Our house is a hotbed of exam anxiety at the moment as our eldest is in the final throes of preparing for his A Levels, which start next week. I have followed all my own advice and even that of others about managing his stress but it is tough - he is worried.
This is it, the culmination of years of hard work and as he sees it, the end of the road if he gets it all wrong.
"Is this what panic feels like?", " I am not going to get those three A's", "I am going to defer and do it next year."
As the days pass and the first exam draws closer, this is the conversation that repeats on loop at varying intervals from morning until night. There is no respite. True to his revision timetable he appears like a parrot on my shoulder at 40 minute intervals to either discuss what he has learnt, what he is about to learn or his heightened anxiety.
There is nowhere to hide. I am hunted from dawn until dusk. Such is the plight of the SAHM of a teenager taking exams.
It is no surprise that our teens are susceptible to moments of self-doubt and anxiety when under so much pressure to succeed. As parents we evidently adopt all the strategies of reassurance at our disposal in the hope that we can allay their fears long enough to get them to walk through the door of the exam room and turn over the paper. I have dug deep this week to placate and reassure him not only of his own ability but of our confidence in his ability. He was worked tirelessly and deserves to be rewarded.
The truth, however, is there are no guarantees. Despite thorough revision, every year some pupils do fall short of what they need to go to university and the scramble for clearing places through UCAS commences.
What's not often talked about, however, is that upwards of 60,000 students use the system every year to find a place at university, and for many of these, it's a positive experience and out of initial failure comes success.
More than 30 years ago I was one of those students. I can still remember the moment like it was yesterday. Waiting patiently for the postman to deliver the scrap of paper that would deliver the verdict on which course my life would take next. The shock. The disappointment of my parents. The panic followed swiftly by "what next?"
I phoned my first choice university, they agreed to defer my place if I boosted one of my grades. I did that in the next academic term and then secured various work placements and went travelling. My academic journey took a different pathway but it wasn't a bad one. It was the best time of my life and benefited me in so many ways.
Personally I don't want that for our son. I want him to succeed first time around. If, however, like me he doesn't deliver what he needs we will obviously turn to Plan B and make it work.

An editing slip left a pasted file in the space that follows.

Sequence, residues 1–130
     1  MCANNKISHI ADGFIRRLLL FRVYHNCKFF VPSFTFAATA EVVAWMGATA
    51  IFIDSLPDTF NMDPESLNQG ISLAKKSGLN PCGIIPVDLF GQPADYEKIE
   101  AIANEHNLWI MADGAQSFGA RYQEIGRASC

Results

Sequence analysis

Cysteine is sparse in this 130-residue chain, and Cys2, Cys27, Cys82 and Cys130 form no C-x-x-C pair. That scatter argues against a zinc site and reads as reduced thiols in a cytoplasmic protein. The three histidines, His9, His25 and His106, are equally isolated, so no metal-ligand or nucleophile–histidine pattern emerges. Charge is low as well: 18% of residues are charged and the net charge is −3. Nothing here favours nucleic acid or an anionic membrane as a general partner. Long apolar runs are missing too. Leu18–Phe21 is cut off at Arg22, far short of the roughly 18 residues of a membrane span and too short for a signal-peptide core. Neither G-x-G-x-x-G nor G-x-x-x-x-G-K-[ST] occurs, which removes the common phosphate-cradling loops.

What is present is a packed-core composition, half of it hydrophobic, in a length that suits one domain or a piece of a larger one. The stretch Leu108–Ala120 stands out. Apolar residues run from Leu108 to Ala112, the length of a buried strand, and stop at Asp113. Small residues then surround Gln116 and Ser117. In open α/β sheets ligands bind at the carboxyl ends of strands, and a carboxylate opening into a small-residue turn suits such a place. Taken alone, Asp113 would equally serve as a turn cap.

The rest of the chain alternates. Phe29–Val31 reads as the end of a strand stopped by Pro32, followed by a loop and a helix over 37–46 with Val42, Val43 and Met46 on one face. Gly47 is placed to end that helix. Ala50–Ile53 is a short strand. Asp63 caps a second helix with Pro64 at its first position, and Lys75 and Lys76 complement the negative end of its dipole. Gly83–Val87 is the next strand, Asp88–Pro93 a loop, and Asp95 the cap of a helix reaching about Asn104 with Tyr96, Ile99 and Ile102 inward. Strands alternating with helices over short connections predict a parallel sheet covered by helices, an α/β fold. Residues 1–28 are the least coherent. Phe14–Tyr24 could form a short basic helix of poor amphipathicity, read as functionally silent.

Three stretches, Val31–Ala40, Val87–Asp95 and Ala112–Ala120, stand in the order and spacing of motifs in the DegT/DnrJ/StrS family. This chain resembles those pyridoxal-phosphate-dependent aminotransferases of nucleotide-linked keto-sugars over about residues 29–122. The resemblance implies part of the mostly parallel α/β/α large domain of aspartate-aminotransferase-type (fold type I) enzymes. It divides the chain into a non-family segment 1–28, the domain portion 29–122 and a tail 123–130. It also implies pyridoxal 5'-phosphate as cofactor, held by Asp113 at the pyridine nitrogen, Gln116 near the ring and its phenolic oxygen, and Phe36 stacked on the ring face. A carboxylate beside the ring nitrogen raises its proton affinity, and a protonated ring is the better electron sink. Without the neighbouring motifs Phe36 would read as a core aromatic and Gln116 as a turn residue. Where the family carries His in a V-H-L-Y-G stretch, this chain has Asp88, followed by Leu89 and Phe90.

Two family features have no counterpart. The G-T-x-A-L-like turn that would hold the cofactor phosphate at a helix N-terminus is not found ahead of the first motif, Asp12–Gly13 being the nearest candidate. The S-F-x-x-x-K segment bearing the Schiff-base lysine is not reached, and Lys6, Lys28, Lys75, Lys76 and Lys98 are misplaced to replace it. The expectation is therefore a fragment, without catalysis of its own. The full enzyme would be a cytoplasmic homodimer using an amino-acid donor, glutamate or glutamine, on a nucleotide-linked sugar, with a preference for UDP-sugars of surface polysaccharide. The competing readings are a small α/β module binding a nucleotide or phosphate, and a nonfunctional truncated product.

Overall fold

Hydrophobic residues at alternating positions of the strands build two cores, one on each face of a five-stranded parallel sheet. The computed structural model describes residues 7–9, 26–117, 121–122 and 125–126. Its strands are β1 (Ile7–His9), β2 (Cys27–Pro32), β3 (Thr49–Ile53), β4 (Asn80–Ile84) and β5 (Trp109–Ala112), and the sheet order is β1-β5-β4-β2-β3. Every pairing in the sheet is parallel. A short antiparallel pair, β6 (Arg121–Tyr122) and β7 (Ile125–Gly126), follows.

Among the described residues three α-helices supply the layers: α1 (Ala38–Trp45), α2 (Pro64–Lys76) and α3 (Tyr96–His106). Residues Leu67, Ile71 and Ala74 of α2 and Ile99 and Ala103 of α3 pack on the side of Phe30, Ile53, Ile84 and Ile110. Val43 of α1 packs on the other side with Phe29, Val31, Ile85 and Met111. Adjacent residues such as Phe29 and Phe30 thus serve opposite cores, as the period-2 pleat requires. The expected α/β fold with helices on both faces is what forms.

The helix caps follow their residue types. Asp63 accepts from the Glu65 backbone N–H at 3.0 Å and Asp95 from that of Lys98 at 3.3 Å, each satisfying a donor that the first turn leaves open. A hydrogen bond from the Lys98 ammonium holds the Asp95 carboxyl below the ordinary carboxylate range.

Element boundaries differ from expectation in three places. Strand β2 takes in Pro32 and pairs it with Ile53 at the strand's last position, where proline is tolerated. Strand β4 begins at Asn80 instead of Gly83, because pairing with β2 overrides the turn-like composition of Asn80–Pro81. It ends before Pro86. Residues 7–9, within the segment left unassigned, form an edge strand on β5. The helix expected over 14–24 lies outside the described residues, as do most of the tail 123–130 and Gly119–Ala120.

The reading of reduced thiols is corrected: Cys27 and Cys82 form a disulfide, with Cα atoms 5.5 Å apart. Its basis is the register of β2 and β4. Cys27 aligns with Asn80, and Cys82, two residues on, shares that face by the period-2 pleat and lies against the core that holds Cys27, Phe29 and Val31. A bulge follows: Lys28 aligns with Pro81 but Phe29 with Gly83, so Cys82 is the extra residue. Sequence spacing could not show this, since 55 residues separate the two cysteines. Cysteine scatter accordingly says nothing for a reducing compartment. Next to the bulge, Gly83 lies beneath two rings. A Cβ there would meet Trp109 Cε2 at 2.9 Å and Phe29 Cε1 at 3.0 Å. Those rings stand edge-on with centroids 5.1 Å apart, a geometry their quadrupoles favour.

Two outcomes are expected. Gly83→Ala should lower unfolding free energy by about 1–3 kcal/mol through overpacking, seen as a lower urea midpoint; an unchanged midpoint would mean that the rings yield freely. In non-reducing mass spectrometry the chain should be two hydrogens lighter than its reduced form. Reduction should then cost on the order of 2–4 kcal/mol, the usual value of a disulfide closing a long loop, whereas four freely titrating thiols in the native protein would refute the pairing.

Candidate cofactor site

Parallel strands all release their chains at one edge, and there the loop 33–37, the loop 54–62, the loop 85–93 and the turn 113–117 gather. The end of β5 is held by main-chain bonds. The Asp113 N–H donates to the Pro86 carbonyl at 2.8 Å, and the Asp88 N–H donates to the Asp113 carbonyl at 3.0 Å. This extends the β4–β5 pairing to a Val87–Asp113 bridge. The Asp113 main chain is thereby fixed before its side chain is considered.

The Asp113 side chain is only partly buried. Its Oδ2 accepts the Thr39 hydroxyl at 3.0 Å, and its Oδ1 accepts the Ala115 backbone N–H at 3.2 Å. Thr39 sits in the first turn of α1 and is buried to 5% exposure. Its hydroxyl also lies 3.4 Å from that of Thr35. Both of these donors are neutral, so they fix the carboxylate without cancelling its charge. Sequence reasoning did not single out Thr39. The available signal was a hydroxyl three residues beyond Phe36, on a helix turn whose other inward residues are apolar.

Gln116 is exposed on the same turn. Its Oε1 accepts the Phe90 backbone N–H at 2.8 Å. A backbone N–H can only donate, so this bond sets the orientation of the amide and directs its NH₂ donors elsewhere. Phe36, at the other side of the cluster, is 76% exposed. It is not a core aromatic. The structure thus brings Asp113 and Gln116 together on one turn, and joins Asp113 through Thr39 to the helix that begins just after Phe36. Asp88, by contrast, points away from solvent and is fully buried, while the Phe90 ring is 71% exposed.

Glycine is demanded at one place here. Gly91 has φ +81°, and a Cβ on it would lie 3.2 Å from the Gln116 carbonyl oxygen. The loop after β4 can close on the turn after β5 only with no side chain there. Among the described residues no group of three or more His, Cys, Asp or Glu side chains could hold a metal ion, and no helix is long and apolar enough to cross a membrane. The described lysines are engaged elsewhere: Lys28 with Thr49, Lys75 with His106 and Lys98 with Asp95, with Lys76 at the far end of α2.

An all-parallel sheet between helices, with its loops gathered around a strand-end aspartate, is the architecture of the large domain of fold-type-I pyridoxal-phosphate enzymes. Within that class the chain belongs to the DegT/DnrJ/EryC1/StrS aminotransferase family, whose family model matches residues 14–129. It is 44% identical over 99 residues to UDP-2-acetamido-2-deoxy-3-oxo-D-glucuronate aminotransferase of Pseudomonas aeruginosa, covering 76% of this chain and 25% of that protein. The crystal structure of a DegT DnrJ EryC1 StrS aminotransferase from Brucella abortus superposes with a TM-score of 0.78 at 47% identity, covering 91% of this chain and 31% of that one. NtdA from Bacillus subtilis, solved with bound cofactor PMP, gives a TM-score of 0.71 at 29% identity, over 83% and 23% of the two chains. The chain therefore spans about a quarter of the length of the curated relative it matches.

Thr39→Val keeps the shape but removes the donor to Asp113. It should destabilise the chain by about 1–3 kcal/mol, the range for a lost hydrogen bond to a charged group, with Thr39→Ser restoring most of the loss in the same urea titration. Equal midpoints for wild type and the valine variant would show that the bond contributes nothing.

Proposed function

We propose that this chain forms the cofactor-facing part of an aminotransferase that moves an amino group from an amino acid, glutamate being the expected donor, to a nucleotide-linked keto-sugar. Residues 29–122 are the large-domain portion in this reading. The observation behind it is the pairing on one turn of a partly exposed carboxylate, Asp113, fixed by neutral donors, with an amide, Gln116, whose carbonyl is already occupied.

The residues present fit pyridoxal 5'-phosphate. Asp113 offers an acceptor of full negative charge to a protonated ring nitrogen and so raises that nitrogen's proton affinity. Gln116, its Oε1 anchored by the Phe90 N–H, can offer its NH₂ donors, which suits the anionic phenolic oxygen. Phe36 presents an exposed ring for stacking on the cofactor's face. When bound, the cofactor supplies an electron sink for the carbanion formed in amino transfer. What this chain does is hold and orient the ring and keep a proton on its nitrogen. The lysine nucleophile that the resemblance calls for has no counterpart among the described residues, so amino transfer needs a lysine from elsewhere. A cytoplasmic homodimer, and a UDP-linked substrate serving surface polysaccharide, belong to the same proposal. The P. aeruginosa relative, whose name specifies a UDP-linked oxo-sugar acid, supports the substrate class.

In the meantime, the message is clear. "You can only do your best."
Underlying this however is the fact that he isn't prepared for disappointment or failure.
"I haven't failed at anything yet. I wouldn't know what to do." These were his words yesterday. I reminded him of my own plight at his age. I wasn't ready for it either. Nobody is.
So how do we prepare our children, our teenagers for disappointment and for failure?
Simply, you can't. I certainly wasn't prepared. I knew after my exams that my chances of achieving what was necessary were slim but I hoped I was wrong. Isn't that what we all do? Hold on to hope. Even if our son messes it up, he will rage for a bit, get hysterical but until the verdict is delivered on the morning of 17th August he will still hold onto hope.
Nothing can prepare you for that punch to the stomach that says, "You fell short this time."
My mantra in being a mother of teenagers is communication, honesty and sharing. There will be some things that as maturing teenagers they don't want to disclose but I hope that over the years I have developed a level of trust that guarantees them the surety of at least one thing and that is my support, our support - that regardless of the outcome we will be there for them in the same way my parents were there for me and still are.
The world may feel like it is ending but it won't and they will survive.
The truth behind all of this is that you can't be prepared for failure until it happens. Failure itself is the only thing that teaches you how to cope with it. It doesn't matter how much we say as parents to reassure our children the harsh cold reality of failure is the only teacher but it doesn't make them a failure.
An exchange with teenage counsellor Alison from Unique Minds UK reminded me that persuading our teenagers to believe in themselves is paramount. I know that as a parent I am not alone in that quest and Alison was spot on in her advice "The stress they put themselves under often engulfs them and they can only see life in one direction. I try to encourage them to see that life has many pathways and whatever the outcome of exams - doesn't define them as a person."